Malcolm Gladwell’s highly anticipated new book, “David and Goliath,” is now available to purchase.
The sociology and psychology author’s fifth book explores how adversity can inspire people, and what happens when the weak don’t play by the rules of the strong.
As marketers, we love the way Gladwell turns social science research and data into big, catchy ideas. Here’s a quick guide to the essential Malcolm Gladwell:
1. “The Tipping Point“
Key idea: Small factors can add up to big results.
The following personalities, for example, can spread ideas and spur people to action:
- Connectors know people at every event, whether the event is in their field or not. This ability to reach across social, economic, professional and cultural circles comes from a combination of curiosity, self-confidence, sociability and energy.
- Mavens kick off word-of-mouth epidemics. They extensively research marketplaces and products, and share their knowledge with others.
- Salesmen persuade people using powerful negotiation skills-some learned and some natural.
Marketing takeaway: Identify people with social skills that can help your brand. At his Vocus webinar, Spike Jones encouraged brands to stop targeting influencers to create word of mouth. Instead, brands can get more buzz by empowering their passionate customers.
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Key idea: Experts can make immediate decisions that are as good as, or better than, well-thought out ones.
These instinctive reactions are what psychologists call “thin slicing.”
“We believe that we are always better off gathering as much information as possible and spending as much time as possible in deliberation,” Gladwell writes. “But there are moments, particularly in times of stress, when haste does not make waste.”
Marketing takeaway: As an expert in your industry, making quick decisions can be beneficial because it helps you avoid analysis paralysis. However, quick decisions are only good ones when you recognize your prejudices.
This, for example, works in data collection. Confirmation bias can lead to making decisions off of data that only supports your assumptions.
Key idea: The 10,000-Hour Rule states that success at a particular task largely comes from having spent 10,000 hours practicing it. Hard work is only one reason people become outliers—Gladwell’s description of those who have achieved extraordinary success. Natural ability and being in the right place at the right time also contribute to becoming an outlier.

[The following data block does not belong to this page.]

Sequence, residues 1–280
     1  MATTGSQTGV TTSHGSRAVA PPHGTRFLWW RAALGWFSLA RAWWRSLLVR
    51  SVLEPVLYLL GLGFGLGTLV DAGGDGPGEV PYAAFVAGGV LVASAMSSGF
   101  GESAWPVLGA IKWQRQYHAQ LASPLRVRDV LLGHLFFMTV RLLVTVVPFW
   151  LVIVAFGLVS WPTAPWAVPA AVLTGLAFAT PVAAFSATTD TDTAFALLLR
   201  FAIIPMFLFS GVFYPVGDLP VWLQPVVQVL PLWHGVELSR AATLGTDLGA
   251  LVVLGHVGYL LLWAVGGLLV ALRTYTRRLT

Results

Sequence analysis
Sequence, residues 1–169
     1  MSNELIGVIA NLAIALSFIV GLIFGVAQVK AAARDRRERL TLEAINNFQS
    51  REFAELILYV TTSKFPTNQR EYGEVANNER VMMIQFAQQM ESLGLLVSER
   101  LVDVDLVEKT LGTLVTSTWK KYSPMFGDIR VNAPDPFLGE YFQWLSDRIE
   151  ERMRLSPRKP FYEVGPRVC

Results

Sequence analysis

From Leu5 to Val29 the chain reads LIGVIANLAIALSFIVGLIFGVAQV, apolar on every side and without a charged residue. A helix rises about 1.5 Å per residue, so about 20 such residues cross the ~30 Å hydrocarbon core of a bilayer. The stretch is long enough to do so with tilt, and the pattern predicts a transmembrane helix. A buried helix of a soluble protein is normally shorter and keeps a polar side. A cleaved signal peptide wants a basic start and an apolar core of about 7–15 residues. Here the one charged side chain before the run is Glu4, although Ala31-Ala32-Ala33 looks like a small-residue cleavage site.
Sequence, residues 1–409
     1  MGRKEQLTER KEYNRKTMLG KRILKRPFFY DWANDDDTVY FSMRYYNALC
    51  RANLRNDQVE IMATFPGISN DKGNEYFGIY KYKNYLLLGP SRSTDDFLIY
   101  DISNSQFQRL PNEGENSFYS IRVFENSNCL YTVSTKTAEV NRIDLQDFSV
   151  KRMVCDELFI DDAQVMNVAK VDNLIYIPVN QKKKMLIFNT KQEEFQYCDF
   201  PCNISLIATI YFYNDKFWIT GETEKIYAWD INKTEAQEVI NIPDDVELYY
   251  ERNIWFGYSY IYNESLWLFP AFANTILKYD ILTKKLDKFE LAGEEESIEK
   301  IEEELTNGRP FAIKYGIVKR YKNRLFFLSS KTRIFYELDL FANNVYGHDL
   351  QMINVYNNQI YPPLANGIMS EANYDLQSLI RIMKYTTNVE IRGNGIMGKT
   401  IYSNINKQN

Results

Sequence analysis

Bill Gates became a multibillionaire because of his work ethic and extreme, but not unparalleled, intelligence. Gates also happened to attend a high school with a computer-something few colleges had at the time.
“We vastly underestimate the extent to which success happens because of things the individual has nothing to do with,” Gladwell said in an interview.
Marketing takeaway: Success doesn’t come from one extraordinary person or team. It comes from talented people taking advantage of their skills and environments.
4. “What the Dog Saw“
Key idea: Included among this collection of Gladwell’s essays from The New Yorker was “The Ketchup Conundrum”: Supermarket shelves have dozens of mustards but few ketchup options.
Grey Poupon started a mustard revolution through a series of advertising and marketing campaigns, including the “Pardon me. Do you have any Grey Poupon?” commercial.
Ragu made a killing when it stopped its one-size-fits-all approach to sauce and provided multiple varieties.
Despite these successes, new varieties of ketchup have sputtered. “I guess ketchup is ketchup,” is the only answer the essay provides.
Marketing takeaway: Following the marketing techniques of one company doesn’t guarantee success. Use other companies as examples, but tweak to create what works best for you.
A version of this article originally appeared on the Vocus blog.